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Junior Achievement programs equip students with skills for success

To stay competitive in the economy and keep up with the recent dramatic changes in the workplace, young people need training to navigate career pathways and develop transferrable skills.

While business and financial education is becoming a greater part of the curriculum in elementary and high school systems, students need mentorship and experiential learning opportunities to help them keep pace and build relevant skillsets for future jobs, says Jennifer James, vice-president of programs and charter services for JA Canada.

“There used to be a significant gap between the education system and what Junior Achievement offers,” she says, “[such as] mentorship and teaching focused on entrepreneurship, work readiness and financial literacy.”

Although that gap is narrowing, digital disruption, automation, demographic shifts and the pandemic are impacting all sectors. James says employees will be expected to stay current.

“They need to be proactive in their thinking and have the ability to adapt and pivot,” she says. “JA is committed to responding to the evolving landscape by innovating programs.”

A cross-country RBC research project discovered foundational skills such as critical thinking, co-ordination, social perceptiveness, active listening and complex problem-solving will be as essential to successful careers as digital fluency and resource management.

In 2017, JA Canada partnered with RBC Future Launch, an initiative to help young people develop the right attitude, work skills and network to get ahead. The resulting World of Choice program exposes youth to a variety of career pathways, connects them with mentors and develops skills and a personal career action plan. More than 50,000 youth have been reached by this program.

Small- and medium-size businesses account for 90 per cent of private-sector jobs and contribute $1-trillion to Canada’s gross domestic product, according to the Business Development Bank of Canada, so entrepreneurship is vital to the country’s economy. Employers will want to hire individuals who understand the process of starting a company, says James.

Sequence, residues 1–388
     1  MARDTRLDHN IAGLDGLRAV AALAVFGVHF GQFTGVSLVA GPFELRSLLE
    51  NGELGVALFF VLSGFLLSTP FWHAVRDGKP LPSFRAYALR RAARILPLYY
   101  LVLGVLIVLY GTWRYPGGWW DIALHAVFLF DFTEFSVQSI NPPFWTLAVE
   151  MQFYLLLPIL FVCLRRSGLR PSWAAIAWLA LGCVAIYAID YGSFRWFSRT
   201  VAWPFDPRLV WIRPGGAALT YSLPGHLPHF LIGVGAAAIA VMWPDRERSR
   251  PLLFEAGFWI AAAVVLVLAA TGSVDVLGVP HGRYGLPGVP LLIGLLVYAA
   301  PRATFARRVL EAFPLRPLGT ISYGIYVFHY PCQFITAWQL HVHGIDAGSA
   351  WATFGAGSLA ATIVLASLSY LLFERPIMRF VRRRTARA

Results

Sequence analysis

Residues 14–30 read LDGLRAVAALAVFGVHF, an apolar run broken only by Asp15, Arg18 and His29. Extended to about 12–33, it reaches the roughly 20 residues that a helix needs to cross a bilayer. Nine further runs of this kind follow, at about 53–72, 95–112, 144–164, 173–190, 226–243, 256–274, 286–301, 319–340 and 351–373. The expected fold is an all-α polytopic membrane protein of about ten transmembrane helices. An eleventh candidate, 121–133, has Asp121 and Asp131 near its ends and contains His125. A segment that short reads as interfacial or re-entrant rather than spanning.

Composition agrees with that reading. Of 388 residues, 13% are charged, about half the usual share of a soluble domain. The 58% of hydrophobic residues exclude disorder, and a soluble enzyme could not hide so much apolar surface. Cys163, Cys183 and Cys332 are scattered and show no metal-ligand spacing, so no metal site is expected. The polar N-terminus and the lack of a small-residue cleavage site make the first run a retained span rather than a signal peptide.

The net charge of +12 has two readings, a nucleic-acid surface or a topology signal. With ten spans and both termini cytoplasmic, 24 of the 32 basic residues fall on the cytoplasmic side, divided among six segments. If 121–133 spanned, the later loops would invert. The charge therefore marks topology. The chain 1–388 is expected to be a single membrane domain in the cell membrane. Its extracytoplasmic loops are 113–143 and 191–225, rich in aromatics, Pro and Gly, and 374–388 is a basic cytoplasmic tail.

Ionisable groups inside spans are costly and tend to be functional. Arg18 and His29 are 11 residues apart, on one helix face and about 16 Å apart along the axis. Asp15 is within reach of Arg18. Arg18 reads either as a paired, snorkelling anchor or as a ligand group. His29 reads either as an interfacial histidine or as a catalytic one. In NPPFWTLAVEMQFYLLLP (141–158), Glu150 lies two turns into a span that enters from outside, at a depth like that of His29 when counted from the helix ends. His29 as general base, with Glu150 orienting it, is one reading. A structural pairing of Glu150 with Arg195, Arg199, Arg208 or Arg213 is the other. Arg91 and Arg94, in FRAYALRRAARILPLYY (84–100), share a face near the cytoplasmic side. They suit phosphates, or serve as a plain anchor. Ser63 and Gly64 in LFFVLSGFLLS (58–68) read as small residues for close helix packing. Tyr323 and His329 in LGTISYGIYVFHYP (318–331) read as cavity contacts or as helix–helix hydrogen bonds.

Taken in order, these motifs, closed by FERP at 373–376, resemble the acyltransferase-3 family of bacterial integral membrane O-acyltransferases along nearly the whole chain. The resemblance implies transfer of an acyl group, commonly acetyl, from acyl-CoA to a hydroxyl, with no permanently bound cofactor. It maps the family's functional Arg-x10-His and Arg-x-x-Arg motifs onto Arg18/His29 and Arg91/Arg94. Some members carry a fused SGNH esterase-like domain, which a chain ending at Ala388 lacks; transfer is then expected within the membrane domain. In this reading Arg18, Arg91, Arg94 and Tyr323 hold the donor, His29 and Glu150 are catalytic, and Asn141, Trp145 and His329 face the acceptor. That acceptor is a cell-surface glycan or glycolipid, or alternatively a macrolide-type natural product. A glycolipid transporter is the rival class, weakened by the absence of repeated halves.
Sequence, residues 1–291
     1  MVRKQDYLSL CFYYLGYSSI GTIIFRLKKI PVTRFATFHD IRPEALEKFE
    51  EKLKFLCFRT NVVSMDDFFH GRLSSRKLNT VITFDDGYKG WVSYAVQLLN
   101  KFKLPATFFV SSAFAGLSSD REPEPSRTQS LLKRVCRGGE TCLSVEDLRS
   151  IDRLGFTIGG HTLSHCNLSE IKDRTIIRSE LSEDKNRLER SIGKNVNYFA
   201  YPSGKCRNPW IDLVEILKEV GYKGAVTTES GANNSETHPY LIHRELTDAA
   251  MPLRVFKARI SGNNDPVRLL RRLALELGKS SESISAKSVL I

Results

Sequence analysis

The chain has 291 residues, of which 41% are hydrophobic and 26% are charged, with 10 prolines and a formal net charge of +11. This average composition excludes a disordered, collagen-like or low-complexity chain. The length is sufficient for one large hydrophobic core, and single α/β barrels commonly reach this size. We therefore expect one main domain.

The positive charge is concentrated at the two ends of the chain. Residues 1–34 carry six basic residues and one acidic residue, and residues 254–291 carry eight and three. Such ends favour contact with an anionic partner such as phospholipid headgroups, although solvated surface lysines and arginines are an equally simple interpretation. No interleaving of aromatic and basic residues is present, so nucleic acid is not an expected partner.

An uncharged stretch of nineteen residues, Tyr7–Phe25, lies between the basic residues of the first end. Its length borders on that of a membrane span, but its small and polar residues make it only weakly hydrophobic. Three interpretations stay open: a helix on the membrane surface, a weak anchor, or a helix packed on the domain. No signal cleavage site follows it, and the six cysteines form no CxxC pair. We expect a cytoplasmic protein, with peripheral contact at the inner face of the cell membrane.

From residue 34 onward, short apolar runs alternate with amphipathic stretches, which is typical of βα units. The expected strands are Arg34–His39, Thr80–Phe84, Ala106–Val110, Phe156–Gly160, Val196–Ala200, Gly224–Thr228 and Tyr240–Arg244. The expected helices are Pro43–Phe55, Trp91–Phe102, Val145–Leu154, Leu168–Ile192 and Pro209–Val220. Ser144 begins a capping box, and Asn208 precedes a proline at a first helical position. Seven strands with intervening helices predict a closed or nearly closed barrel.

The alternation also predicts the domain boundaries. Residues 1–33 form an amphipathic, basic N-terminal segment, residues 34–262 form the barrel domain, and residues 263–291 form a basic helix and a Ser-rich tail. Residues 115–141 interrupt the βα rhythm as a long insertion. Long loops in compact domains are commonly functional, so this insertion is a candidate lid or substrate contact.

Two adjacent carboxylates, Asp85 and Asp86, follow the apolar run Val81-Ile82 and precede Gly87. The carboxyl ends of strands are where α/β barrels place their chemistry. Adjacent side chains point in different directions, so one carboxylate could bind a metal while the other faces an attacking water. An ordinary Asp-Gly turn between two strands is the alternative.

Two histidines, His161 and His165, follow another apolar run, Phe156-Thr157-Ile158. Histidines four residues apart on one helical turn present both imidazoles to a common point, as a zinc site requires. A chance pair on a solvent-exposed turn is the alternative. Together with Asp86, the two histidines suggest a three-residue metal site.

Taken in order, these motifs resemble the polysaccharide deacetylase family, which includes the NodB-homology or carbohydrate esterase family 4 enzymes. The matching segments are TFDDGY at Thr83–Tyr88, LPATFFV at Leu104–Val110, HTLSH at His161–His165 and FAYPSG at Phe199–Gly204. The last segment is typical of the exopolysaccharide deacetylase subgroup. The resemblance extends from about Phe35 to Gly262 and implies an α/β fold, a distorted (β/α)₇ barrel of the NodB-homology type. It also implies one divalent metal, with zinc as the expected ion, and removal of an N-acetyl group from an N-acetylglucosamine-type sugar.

However, “entrepreneurship goes beyond just giving youth the skills they need to run their own business,” says James. “It’s a mindset.”

According to Ruodan Shao, associate professor of organization studies at Schulich School of Business at York University, an ability to think creatively is also vital in the new work landscape.

“Workplaces are trying to introduce artificial intelligence and automation to replace certain kinds of basic work,” she says, “but people’s creative skills cannot be replaced. Someone needs to come up with the ideas for computers and robots to execute on.”

Indeed, the RBC study found 25 per cent of Canadian jobs will be heavily disrupted by technology in the coming years.

“You need to be comfortable doing things virtually and know how to manage technology,” says Shao. Being able to learn remotely has been a must for today’s students, she adds, and they will be required to keep up that skill into the future.

“Students build digital skills through our online campus and new complimentary programs and partnerships, like that with Code.org,” says James.

JA has a long history of partnership with major banks supporting business and financial education, but now partners are expressing interest in exposing youth to jobs in manufacturing technology and skilled trades, for example.

In the coming decades, Canada will face a shortage of at least 10,000 workers in nationally recognized Red Seal trades; new research by RBC centered on skilled trades shows the demand for digital and “soft” skills, like creativity and problem-solving, is expected to rise, including in critical trades professions.

Workplace culture, too, has shifted, says James, including a move towards acknowledging and respecting people’s personal lives, mental health, their caregiving roles and how their backgrounds may affect access to success.

“People are paying more attention to diversity and inclusion,” says Shao. “We need to learn how to talk about these issues and aid in designing workplaces that embrace everyone.”

JA’s programs like Stronger Together teach students the value of diversity and how it contributes to improving morale, creativity, teamwork and productivity. JA is also looking to refresh and innovate programs, such as its longstanding Success Skills, to infuse mental-health education and resiliency.

“JA’s programs continue to evolve by showcasing more careers and building next-generation skills,” explains James. “With our partners, we can build a pipeline of students with versatile skills entering careers that meet economic demand.”


Advertising feature produced by Globe Content Studio with JA Canada. The Globe’s editorial department was not involved.